• The Roman/Greek pantheon was extremely popular in the city with temples to Apollo (wisdom), Poseidon (sea), and Asclepius (healing).  A large temple to Aphrodite also rested upon the mount known as the Acrocorinth, but there is debate as to whether it was still in use during Paul’s visit to the city.
  • Since Corinth acted as a bridge between East and West, it was a melting pot for beliefs from both regions.  The mystic religions of Egypt and the Far East found their way into the city, as well as the Roman Imperial cult (emperor worship).

How is 1 Corinthians Relevant for the 21ST Century?

  • Status inconsistency – great division between rich and poor
  • Religious Pluralism—many religions claiming to hold the “truth”
  • Cosmopolitan immigration and commercial trade—culture wars
  • Priority in market forces in business and rhetoric—money was king
  • Emphasis on recognition and perception of honor and shame within a socially constructed world—spin doctoring in the ancient world

I lost faith in the human race many moons ago.  It was not a strong faith, but more akin to the faith of that “Christian” whom can only bring himself or herself to church on Easter and Christmas.  As such, I have stopped asking some questions about popular culture.  I no longer care when and where trends begin.  I have no desire to know who or what a “Snooki” is and even less desire to tweet or blog about it (or him or her).

It is not that I have no interest in American culture, particularly the culture in which I live.  The exact opposite is true.  I love culture and the nuances of customs from one age to another (I cite this previous post as an example).  However, I do not believe we can call the current trends “culture” per se.  The collective secular populace suffers from ADHD in regards to culture to such a degree that Andy Warhol’s “15 minutes of fame” quip is a gross over-estimation.  According to James, life is a vapor that is here for a short time and then vanishes (Jas. 4:14).  If that is true of life, what unit of measure can we apply to these modern day memes that disappear more rapidly than a wisp of smoke?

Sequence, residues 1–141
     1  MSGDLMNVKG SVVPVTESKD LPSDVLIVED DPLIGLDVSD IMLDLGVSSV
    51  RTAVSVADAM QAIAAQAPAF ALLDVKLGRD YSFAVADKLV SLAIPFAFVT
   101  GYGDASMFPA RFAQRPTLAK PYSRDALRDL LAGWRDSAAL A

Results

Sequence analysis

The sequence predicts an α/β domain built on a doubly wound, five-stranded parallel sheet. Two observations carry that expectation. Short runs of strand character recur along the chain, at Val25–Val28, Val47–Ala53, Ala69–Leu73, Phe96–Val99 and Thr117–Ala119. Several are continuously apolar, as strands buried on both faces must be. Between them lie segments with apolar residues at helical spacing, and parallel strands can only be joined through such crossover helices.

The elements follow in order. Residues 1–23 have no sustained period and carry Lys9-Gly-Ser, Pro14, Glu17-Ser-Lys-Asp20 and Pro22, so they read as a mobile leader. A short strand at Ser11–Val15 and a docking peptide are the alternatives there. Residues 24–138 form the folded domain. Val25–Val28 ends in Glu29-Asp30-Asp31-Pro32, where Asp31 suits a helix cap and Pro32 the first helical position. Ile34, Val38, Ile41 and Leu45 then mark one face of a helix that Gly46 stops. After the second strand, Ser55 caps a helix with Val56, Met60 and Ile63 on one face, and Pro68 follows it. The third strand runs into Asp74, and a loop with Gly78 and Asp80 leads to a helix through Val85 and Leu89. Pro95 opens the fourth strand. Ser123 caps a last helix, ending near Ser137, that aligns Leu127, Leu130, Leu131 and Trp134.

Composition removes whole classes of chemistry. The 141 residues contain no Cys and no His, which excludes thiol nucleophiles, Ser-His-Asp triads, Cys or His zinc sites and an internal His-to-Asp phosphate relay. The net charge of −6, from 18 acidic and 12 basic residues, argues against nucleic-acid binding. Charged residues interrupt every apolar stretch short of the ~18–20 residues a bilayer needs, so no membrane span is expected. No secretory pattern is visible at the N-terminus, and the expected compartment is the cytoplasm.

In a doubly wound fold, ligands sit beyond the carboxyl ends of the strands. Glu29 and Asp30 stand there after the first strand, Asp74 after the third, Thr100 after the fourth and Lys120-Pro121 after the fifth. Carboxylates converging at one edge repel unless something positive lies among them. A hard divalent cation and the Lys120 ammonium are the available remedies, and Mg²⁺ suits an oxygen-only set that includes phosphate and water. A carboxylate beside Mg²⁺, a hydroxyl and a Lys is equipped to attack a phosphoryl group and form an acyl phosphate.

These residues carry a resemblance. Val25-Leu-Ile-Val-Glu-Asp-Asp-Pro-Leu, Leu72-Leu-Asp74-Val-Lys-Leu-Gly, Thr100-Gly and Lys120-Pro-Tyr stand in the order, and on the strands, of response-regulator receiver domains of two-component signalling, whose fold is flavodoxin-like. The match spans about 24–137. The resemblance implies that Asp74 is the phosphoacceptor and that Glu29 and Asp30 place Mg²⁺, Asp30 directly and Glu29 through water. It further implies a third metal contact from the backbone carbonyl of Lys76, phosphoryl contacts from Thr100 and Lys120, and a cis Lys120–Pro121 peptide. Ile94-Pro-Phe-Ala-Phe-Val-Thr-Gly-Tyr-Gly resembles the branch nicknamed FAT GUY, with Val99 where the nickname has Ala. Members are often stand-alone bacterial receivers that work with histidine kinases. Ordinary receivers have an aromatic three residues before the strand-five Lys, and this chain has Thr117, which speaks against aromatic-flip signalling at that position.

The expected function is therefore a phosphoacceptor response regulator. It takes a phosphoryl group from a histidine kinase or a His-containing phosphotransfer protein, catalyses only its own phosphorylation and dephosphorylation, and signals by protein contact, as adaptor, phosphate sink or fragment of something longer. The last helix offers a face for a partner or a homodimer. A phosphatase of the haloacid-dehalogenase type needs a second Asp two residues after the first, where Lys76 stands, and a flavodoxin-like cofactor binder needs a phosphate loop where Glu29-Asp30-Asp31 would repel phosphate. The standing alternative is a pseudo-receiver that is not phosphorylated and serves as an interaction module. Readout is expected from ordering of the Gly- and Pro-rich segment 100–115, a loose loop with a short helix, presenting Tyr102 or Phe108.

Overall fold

One of the newer memes is YOLO or “you only live once.”  Comedian Jack Black refers to it as, “Carpe Diem for stupid people.”  While I find Mr. Black’s comment funny, I think it is categorically wrong.  Carpe Diem (Lat. “Seize the Day”) gives the impression of productive ambition.  It has long been the motto of optimists that desire to live each moment to the fullest.

On the other hand, YOLO appears to be the maxim of recklessness and poor decision-making.  The equivalent to a redneck, “Hey ya’ll watch this” moment in which you have no idea what is about to happen, but you are sure it is going to end with a trip to the emergency room or county jail.  YOLO turns a mirror upon the current state of American “culture” and it is not a pretty reflection.

The only draw back is you have to empty the lint filter after every trip.

YOLO shows how quickly the youth of our age (and granted even adults who refuse to embrace maturity and personal responsibility) will latch onto a philosophical idea without investing one iota of thought to its application.  I fully expect such reckless behavior from the secular world (1 Cor. 2:11-12).  I stand in slack-jawed awe though when those who claim to know the Lord Jesus Christ as their personal Savior adopt such drivel as a personal mantra.

The defense against me is plain, “It is just a harmless motto.  There is no reason to get so worked up about it.”  To hold such a position is to claim words are not important.  And, I just happen to disagree with that premise.  Words are important.  If words were not important, I would be out of a job as would a countless number of others who rely upon either the spoken word or written word for their livelihood.

While I do believe words are important, it is a matter of degree. Words lose their power when they are the tools of vitriolic media personalities with a side of delusional.

If words are not important, you have no reason to be upset the next time someone calls you a disrespectful name.  If words are not important, the next “I love you” spoken by your significant other is meaningless.  If words mean nothing, why have you read this far into a pointless rant?  But, the name-calling did hurt, that “I love you” melted your heart, and you are still reading because you believe what I believe—words are important!